anaerobic sediment

anaerobic sediment

[¦an·ə¦rōb·ik ′sed·ə·mənt]
(geology)
A highly organic sediment formed in the absence or near absence of oxygen in water that is rich in hydrogen sulfide.
References in periodicals archive ?
The graphite can be placed in a stream or pond that has a layer of anaerobic sediment on the bottom.
Anaerobic sediment was collected using a box corer and transferred to canning jars, which were filled to capacity and stored at 4[degrees]C until used (within ~3 months).
The anaerobic sediment is laced with bacteria-producing poisonous gases, The anaerobic bacteria cannot live in an oxygen-filled environment so the anaerobic bacteria closest to the surface of the sediment will die and be eaten by the aerobic bacteria which have been happily growing in the oxygen-rich aerated water.
Metal toxicity on the dechlorination of monochlorophenols in fresh and acclimated anaerobic sediment slurries.
The commercial PCB mixtures Aroclor 1242 and Aroclor 1254 were incubated in anaerobic sediment slurries inoculated with PCB-dechlorinating microorganisms eluted from PCB-contaminated upper Hudson River (HR) sediments, using methods previously described (34).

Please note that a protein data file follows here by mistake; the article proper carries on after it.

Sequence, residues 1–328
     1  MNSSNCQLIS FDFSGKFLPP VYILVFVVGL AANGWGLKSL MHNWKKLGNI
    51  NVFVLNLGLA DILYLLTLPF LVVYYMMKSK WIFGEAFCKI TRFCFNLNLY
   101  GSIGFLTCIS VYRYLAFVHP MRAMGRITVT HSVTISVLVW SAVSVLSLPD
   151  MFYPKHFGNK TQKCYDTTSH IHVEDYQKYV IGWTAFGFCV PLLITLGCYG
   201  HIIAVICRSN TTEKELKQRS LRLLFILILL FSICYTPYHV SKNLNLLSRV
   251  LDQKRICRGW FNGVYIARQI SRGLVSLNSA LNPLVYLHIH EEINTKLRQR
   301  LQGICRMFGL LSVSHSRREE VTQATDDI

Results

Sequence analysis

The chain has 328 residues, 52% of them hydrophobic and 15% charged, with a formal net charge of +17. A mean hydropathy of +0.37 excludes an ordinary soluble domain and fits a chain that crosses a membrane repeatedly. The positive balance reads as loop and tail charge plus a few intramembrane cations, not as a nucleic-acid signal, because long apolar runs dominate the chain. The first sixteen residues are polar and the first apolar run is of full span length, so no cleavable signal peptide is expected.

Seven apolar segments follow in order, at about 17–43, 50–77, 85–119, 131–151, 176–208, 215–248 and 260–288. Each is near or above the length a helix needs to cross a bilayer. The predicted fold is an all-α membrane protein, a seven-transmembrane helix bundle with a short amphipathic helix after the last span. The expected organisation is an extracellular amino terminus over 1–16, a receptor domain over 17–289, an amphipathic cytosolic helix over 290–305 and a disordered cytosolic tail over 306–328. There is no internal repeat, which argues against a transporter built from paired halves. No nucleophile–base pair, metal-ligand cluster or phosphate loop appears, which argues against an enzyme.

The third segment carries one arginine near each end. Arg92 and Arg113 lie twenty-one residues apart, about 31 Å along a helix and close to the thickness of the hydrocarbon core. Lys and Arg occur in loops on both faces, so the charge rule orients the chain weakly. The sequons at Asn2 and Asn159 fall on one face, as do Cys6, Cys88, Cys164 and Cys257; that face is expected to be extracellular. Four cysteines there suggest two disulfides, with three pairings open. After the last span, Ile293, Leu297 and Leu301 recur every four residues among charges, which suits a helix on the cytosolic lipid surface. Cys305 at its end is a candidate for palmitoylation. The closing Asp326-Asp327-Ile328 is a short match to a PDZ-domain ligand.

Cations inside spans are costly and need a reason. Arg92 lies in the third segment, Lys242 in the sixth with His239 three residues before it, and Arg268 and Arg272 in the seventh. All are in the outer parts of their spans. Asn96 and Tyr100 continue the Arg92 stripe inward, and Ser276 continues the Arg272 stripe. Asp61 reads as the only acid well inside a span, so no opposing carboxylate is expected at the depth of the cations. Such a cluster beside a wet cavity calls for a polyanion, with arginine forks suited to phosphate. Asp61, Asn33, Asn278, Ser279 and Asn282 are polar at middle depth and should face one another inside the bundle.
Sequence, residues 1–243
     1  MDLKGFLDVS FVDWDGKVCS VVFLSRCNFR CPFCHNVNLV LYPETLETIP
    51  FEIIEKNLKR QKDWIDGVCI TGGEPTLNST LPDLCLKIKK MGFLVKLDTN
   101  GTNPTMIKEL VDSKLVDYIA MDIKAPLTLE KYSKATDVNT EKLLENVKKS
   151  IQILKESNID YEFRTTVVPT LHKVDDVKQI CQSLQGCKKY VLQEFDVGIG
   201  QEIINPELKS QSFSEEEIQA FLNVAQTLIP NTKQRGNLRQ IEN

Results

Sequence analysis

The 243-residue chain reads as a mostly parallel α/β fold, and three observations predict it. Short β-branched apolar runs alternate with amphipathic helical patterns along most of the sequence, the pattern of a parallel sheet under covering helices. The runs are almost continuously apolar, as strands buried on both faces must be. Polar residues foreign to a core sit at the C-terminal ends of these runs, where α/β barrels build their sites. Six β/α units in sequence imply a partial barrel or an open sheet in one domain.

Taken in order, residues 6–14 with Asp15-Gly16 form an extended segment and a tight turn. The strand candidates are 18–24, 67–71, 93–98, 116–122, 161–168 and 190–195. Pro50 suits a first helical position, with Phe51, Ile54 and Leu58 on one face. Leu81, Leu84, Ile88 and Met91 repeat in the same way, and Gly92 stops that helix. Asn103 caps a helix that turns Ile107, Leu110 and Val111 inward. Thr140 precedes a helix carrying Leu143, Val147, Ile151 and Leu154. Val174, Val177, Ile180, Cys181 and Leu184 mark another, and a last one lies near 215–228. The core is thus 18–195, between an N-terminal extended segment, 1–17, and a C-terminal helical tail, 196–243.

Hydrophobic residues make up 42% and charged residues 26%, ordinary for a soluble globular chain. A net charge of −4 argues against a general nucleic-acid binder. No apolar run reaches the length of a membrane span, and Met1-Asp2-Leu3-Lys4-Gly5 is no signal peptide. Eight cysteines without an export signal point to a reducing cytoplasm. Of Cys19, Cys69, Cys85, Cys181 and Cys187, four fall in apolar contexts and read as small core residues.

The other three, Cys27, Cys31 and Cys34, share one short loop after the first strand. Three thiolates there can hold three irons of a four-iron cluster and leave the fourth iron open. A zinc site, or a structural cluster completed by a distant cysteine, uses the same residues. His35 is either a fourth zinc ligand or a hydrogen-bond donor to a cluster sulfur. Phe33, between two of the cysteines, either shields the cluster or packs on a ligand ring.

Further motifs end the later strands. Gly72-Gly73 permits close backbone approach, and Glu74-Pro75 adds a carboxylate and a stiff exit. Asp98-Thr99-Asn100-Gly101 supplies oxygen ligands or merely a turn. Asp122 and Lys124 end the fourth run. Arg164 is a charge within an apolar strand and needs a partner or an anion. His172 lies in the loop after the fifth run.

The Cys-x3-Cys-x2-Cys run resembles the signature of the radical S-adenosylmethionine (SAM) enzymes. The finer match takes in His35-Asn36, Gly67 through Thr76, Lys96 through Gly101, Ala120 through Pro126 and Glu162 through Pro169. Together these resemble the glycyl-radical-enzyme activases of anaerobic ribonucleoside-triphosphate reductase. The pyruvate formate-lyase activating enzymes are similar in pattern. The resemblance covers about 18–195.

Organic Matter Mineralization with Reduction of Ferric Iron in Anaerobic Sediments.
Especially in sensitive freshwaters, with low current velocities and prevailing anaerobic sediments, use of creosote-treated wood is strongly discouraged," she wrote.
One and Two are partially buried in fine anaerobic sediments at the bottom of the lake and give you the impression of being quite solid, but that's underwater.
Contrary to anaerobic sediments where PhPs may preserve for a long period, the aerobic degradation of PhPs in the water column is usually very rapid and extensive (Leavitt & Carpenter 1990a, 1990b; Leavitt 1993; Patoine & Leavitt 2006).
Where biodeposits are incorporated in aerobic surficial sediments that overlay deeper anaerobic sediments, microbially mediated, coupled nitrification--denitrification can permanently remove N from the sediments as [N.
Most AVS occurs naturally in the form of solid FeS in anaerobic sediments underlying many bodies of water.
As well as `irrigating' the sediments with oxygen, the deposit feeders help to mix ammonia and nitrate into usually anaerobic sediments, and their faecal pellets encourage the presence of bacteria.